Only the classes marked with the EXPORT keyword will be exported and visible to the project using that library.

Note that main.module will always be invisible, you can use main.module for testing or as a class to share commands internally with the other classes in your library but nothing in main.module will be exported.

Then make the project executable. The executable will be installed in (3).


How to use a library in a project?

Open another project. Open the project's property dialog and go to the 'Libraries' tab. Here you can add all libraries installed. If you use a library that depends on another library you will have to define the right order the libraries will be loaded from top (first) to bottom (last).

[This needs more explanation]


How to install a library system-wide on this or another computer?

Create an installation package from your library (Ctrl-Alt-I). Install this package on the target computer. If you install this package on the other computer the library will there be installed in (5).

Note that the search order will always prefer the version in your user home directory over the system one. So, when you are finished testing, make sure you remove the local i.e. single-user-wide copy.

How to test a library

You can implement tests for your library within itself. Remember, only classes marked as EXPORT are visible (exposed) to the project using the library (excluding main.module). So within the library project itself you can include unexposed classes or modules to test the features of your library. A projects default main.module is ideal for testing as it will not be exposed and can be set as a startup class in the IDE to run your tests.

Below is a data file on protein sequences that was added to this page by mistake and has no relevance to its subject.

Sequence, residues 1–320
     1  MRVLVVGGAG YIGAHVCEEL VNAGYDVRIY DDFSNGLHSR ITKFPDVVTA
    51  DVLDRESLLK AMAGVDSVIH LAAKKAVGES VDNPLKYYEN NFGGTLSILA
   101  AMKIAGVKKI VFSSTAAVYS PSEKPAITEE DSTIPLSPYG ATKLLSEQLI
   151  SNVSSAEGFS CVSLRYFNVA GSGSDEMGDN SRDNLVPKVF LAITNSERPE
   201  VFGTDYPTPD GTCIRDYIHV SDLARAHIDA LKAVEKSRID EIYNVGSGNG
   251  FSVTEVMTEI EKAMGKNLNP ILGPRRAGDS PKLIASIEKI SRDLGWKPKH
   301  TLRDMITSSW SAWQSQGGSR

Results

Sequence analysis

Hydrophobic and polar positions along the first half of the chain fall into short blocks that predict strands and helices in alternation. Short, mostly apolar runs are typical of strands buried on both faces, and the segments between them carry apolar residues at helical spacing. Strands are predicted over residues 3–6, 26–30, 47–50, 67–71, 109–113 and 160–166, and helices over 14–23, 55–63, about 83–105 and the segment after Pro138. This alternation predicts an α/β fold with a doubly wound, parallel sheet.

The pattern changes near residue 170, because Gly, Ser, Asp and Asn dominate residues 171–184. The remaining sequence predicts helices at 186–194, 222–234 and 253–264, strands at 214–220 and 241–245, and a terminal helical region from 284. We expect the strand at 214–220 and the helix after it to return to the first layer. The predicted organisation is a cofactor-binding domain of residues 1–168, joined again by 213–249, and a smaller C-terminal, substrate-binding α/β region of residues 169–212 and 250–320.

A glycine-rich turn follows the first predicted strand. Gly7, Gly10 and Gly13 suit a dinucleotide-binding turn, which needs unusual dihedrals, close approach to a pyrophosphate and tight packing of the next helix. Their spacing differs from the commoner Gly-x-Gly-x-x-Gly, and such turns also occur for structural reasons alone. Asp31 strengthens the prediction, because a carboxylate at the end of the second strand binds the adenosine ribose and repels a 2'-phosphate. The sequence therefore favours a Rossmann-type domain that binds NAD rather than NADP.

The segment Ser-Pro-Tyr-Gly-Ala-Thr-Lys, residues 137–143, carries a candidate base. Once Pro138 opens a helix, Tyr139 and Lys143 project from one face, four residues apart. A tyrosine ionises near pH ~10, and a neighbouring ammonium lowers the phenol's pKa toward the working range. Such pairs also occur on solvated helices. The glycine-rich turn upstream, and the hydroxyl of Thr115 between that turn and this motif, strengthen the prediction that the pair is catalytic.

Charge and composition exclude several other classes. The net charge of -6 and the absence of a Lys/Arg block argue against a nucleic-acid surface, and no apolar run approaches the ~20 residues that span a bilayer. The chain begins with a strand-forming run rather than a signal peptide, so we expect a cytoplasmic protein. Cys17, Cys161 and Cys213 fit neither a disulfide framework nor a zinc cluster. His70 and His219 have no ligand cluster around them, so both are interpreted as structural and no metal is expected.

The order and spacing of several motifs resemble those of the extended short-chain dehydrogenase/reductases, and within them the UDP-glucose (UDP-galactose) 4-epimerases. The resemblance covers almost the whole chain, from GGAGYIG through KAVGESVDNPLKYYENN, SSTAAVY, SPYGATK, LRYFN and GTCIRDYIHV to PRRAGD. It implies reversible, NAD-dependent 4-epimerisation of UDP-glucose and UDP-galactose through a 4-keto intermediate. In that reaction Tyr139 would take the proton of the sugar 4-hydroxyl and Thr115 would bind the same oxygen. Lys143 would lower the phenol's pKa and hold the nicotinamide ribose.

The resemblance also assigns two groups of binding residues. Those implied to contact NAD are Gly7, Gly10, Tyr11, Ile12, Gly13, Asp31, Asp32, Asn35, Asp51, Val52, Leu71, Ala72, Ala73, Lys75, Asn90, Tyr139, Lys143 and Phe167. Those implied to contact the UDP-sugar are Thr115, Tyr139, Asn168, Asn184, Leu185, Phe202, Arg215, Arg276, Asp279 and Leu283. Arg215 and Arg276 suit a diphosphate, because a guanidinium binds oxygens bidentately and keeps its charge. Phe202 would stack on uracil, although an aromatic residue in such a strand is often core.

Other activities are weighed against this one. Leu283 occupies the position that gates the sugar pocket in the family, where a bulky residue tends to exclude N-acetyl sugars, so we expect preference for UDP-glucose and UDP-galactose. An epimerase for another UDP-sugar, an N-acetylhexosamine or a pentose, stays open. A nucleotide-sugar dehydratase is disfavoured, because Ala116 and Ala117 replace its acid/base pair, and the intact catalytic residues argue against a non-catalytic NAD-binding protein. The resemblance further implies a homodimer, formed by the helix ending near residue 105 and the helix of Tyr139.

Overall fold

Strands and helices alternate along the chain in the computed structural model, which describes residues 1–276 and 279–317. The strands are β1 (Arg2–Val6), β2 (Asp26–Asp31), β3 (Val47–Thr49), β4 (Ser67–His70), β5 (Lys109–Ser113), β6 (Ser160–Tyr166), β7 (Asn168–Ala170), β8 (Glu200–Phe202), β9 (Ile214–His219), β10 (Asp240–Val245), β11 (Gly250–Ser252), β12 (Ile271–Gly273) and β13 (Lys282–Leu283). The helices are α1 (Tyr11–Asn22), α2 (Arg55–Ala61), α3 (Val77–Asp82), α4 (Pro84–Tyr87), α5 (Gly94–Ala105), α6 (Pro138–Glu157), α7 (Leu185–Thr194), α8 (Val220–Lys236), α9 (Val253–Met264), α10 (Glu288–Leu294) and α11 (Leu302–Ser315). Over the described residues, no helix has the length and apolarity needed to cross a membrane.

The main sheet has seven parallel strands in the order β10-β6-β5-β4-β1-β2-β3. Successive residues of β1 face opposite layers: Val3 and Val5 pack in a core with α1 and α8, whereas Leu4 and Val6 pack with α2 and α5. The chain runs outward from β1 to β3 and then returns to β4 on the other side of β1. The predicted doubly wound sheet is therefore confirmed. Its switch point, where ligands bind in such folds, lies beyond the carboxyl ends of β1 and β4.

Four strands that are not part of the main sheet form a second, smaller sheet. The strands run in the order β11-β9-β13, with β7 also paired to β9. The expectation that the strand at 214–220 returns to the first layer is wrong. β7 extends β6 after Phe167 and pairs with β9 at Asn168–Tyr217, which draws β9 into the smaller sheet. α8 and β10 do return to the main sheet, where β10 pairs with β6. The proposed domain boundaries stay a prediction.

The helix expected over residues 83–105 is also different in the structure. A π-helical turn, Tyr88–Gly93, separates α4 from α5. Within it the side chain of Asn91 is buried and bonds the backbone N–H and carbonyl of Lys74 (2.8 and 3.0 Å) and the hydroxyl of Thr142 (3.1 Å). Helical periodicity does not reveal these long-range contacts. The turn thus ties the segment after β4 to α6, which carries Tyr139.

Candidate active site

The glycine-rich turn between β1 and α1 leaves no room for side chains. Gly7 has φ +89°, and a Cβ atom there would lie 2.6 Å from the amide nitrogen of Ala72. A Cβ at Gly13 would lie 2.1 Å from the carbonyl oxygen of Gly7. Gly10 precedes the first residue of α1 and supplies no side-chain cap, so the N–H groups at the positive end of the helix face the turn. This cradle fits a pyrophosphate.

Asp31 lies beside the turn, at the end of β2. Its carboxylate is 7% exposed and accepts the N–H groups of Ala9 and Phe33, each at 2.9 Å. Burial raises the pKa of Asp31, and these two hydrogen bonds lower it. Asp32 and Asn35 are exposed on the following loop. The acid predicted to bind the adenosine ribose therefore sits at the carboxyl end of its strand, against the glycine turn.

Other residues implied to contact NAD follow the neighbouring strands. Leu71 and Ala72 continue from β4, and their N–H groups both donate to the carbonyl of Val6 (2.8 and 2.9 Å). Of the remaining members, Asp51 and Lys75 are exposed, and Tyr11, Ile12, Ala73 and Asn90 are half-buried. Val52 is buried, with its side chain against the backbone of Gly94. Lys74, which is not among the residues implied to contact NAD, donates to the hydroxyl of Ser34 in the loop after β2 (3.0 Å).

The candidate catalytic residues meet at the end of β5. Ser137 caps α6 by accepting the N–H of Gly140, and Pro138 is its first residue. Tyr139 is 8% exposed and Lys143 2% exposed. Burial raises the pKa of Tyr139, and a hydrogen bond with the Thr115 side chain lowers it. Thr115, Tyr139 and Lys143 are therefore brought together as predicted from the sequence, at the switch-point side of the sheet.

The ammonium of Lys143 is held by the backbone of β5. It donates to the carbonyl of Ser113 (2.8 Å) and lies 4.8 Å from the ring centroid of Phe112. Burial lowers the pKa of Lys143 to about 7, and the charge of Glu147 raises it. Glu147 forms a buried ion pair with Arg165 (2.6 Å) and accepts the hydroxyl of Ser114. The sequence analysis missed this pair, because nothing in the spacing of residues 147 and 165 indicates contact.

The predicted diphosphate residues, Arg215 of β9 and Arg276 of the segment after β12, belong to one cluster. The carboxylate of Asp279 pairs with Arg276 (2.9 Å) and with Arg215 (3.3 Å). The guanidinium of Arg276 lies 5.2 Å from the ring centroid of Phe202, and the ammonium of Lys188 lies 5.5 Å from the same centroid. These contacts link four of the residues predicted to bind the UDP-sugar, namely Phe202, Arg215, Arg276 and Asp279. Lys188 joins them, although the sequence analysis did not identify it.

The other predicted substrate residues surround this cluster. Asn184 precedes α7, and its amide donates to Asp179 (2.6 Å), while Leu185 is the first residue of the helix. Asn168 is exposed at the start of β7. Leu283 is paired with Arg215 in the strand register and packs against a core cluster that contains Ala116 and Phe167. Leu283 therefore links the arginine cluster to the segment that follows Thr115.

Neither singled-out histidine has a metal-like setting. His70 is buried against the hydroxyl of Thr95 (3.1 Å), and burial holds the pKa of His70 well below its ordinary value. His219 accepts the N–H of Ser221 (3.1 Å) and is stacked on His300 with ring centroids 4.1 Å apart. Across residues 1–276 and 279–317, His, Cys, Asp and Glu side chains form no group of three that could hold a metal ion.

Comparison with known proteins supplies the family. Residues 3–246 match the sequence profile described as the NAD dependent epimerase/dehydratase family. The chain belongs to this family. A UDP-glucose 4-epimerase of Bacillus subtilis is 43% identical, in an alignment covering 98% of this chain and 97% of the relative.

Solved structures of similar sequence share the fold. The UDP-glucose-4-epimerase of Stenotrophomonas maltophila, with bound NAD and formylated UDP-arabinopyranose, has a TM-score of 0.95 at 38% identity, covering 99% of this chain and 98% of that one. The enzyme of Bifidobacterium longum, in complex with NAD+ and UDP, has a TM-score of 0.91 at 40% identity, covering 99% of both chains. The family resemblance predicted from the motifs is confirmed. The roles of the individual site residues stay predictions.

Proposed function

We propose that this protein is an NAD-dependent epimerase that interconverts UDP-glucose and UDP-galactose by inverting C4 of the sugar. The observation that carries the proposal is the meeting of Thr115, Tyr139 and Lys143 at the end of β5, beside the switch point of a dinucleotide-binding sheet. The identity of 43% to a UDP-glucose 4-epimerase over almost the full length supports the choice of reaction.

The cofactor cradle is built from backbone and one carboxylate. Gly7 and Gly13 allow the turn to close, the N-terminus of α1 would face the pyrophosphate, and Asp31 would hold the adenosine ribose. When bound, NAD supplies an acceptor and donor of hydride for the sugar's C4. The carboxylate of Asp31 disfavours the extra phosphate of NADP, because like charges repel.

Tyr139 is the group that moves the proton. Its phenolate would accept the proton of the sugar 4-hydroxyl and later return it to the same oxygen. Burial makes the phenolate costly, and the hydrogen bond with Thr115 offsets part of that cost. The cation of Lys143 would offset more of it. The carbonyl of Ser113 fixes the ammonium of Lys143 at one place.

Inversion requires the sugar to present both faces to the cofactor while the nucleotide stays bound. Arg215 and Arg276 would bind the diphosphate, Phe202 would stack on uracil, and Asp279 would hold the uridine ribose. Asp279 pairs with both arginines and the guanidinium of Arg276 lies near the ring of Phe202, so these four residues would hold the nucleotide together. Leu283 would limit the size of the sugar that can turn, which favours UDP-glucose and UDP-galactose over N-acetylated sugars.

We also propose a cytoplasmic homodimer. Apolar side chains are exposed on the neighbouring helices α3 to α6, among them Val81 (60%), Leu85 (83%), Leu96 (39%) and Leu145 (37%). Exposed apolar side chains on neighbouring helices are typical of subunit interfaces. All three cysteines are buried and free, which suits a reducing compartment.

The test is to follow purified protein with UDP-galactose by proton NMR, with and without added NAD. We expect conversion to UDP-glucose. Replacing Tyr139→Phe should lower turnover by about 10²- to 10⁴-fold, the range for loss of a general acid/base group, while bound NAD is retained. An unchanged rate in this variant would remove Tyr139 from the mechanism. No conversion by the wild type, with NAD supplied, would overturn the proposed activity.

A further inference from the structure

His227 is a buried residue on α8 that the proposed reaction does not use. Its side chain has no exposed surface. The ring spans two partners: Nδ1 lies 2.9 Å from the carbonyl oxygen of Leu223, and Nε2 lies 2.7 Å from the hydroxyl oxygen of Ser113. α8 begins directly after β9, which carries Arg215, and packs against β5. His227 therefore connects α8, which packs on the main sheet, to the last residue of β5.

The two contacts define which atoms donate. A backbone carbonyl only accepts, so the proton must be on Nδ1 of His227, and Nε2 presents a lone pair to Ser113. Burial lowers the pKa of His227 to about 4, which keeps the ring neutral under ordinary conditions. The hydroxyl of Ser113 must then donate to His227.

More advanced topics

Accessing files using relative paths

Sometimes you may wish to access a file using a relative path. But in which executable? The library executable or the executable for the project using the library. To access a file in the library executable itself, just start the relative path with the ./ sequence. if you need to access a file located in the main project you must start your relative path by the ../ sequence.

Library dependencies

[To be written]

"Initialising" a library

Occasionally, you might require your library to do some automatic "start up" processing when it is loaded as the main project executes. That is, your library needs to do something even before your main project tries to use one of its' exposed features.

One way to achieve this is to expose a callable routine (say a "StartUp" method in an exported module) so that the main program can call that method before it uses any more useful features. Once you have done this a few times it can become apparent that this is painful ... you have to make that call in anything in your main project that could be the "first" user of the library and further you will probably have to keep track inside the library as to whether the start up has been done or not, etc etc.

There is a better way. It will happen automatically and independently of your main project execution logic.[More to come...]

Distributing libraries

Should you distribute your software and associated libraries to users on other systems take special note of the warnings above about non-conformance to the FSH standard.

See also